Philips Tilly Desk Lamp
Materials: Mat black painted base. Mat black painted lampshade, aluminium colours inside. Chromed rod. Metal gooseneck in a plastic tube. Iron counterweight inside the base. Felt on the bottom of the base. Plastic socket.
Height: 52 cm / 20.47” (adjustable)
Lampshade: ∅ 5 x 21 cm / 1.96 x 8.26”
Rod + Gooseneck: 62 cm / 24.40”
Base: ∅ 20 cm / 7.87”
Electricity: 1 bulb PL, 9 watt, 220 volt.
A compact fluorescent lamp (CFL) model PL-tube should be used. Today also a led version of this type of light bulb is in production. This desk lamp has the ballast outside on the plug. It has a wire of 3 meters, 118.11”.
Period: 1980s – Mid-Century Modern.
Designer: To be appraised.
Manufacturer: Koninklijke Philips N.V., Eindhoven, The Netherlands.
Other versions: Made in several colours.
Koninklijke Philips N.V.
Inspired by the fast-growing electricity industry and the promising results of Gerard Philips own experiments to make reliable carbon filaments, Frederik Philips (his father) financed the purchase of a modest factory in Eindhoven, The Netherlands in 1891. Frederik Philips was a Jewish banker based in Zaltbommel.
In 1895, after difficult first four years and near bankruptcy, Anton Philips joined the company, he was Gerard’s younger brother. With Anton’s arrival, the family business began to expand rapidly. The brothers changed their family business by founding the Philips corporation. They laid the foundations for the later electronics multinational.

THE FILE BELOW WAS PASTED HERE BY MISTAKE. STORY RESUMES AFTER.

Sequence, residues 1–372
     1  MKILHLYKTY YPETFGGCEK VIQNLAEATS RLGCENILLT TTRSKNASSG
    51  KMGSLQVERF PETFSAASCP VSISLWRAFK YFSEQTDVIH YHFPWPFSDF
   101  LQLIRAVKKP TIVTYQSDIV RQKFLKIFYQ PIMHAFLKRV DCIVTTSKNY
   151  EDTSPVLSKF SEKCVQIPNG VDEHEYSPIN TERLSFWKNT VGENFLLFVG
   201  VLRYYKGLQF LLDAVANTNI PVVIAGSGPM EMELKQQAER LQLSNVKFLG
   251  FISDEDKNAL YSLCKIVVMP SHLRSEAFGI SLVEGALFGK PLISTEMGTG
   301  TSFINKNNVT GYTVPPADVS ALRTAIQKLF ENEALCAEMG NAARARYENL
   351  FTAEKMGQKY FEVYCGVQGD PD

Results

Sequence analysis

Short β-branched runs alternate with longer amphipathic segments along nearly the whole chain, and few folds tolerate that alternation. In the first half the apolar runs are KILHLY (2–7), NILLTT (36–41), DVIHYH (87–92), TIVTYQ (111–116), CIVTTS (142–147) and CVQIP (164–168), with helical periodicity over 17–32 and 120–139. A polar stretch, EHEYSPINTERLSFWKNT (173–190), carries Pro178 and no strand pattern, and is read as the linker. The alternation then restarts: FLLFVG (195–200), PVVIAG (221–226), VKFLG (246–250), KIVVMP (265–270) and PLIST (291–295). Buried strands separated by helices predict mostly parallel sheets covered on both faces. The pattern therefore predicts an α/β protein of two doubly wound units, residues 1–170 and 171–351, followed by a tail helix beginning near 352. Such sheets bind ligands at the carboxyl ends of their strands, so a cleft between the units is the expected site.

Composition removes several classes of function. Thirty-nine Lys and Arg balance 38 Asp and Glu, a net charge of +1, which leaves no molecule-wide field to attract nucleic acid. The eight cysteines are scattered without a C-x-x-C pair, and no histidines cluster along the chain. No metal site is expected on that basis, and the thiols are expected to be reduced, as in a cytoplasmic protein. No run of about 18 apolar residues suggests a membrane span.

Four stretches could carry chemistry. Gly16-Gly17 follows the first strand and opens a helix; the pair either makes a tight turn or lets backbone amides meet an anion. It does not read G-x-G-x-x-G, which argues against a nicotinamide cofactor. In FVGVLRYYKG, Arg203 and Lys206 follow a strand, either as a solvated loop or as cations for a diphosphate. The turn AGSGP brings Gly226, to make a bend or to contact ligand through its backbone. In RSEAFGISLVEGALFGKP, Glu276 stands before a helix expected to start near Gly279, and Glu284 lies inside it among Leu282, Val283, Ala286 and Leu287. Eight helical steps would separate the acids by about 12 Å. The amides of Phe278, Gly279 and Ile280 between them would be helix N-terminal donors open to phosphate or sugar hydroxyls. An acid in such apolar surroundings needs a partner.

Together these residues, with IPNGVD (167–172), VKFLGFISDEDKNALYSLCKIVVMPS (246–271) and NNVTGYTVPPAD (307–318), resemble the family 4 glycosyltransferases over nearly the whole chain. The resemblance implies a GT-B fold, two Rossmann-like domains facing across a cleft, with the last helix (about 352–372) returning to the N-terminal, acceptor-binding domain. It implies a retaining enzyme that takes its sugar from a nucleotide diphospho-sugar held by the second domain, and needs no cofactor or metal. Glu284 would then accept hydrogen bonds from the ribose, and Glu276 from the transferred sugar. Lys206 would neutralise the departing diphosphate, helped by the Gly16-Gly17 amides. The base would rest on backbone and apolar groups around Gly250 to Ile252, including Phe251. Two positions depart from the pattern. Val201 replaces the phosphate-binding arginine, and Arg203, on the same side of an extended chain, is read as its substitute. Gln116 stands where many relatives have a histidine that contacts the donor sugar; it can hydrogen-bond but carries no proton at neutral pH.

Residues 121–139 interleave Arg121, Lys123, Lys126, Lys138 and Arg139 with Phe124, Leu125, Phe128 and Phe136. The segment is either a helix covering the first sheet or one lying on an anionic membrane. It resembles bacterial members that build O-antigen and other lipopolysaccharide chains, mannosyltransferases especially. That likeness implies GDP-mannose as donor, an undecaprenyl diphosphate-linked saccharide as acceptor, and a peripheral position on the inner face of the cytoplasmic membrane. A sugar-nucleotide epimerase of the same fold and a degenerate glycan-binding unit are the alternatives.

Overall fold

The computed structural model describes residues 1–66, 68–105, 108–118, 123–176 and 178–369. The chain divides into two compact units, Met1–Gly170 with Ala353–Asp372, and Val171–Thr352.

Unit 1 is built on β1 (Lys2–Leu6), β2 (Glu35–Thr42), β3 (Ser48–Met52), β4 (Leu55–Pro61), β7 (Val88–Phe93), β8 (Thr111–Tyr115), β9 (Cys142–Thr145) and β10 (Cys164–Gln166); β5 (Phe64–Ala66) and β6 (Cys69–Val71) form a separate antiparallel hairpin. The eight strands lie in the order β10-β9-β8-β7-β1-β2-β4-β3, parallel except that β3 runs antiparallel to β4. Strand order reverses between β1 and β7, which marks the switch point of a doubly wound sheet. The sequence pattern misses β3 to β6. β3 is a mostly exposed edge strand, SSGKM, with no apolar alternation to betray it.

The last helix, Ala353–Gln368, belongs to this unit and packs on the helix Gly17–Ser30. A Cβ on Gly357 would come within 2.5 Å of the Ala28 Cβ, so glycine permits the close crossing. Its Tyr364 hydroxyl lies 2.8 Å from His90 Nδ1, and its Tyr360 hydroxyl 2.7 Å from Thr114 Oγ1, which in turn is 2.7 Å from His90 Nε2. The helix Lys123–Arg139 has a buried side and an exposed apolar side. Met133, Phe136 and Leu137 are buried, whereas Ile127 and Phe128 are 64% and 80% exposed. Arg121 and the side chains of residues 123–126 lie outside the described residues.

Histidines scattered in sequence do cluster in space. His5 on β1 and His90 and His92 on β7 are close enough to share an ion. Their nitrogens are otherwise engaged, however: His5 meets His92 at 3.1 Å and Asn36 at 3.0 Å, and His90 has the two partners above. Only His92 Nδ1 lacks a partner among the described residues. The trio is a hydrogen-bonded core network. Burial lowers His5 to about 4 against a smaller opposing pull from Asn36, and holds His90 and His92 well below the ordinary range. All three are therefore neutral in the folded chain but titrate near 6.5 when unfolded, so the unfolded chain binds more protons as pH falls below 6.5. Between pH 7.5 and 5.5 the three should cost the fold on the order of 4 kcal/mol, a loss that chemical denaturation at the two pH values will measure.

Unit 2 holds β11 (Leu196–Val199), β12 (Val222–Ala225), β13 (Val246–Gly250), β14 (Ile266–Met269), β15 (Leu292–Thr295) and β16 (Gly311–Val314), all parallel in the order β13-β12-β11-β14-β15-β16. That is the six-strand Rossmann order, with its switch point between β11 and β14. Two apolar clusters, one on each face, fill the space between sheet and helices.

In 1930 the first shaver of the Philips company was introduced and was simply called “The Philishave”.
A day before the German invasion in the Netherlands on 9 Mai 1940, the Philips family fled to the United States of America, taking a large amount of the company capital with them. Operating from the US as the North American Philips Company, they managed to run the company throughout the war. After World War II the company was moved back to the Netherlands, with their headquarters in Eindhoven.
Compact fluorescent lamps
Compact fluorescent lamps (CFL) came on the market in 1981. Philips introduced two different versions and they are still in production today. The PL stands for Pi Lamp because the two connected tubes resembled the Greek character.
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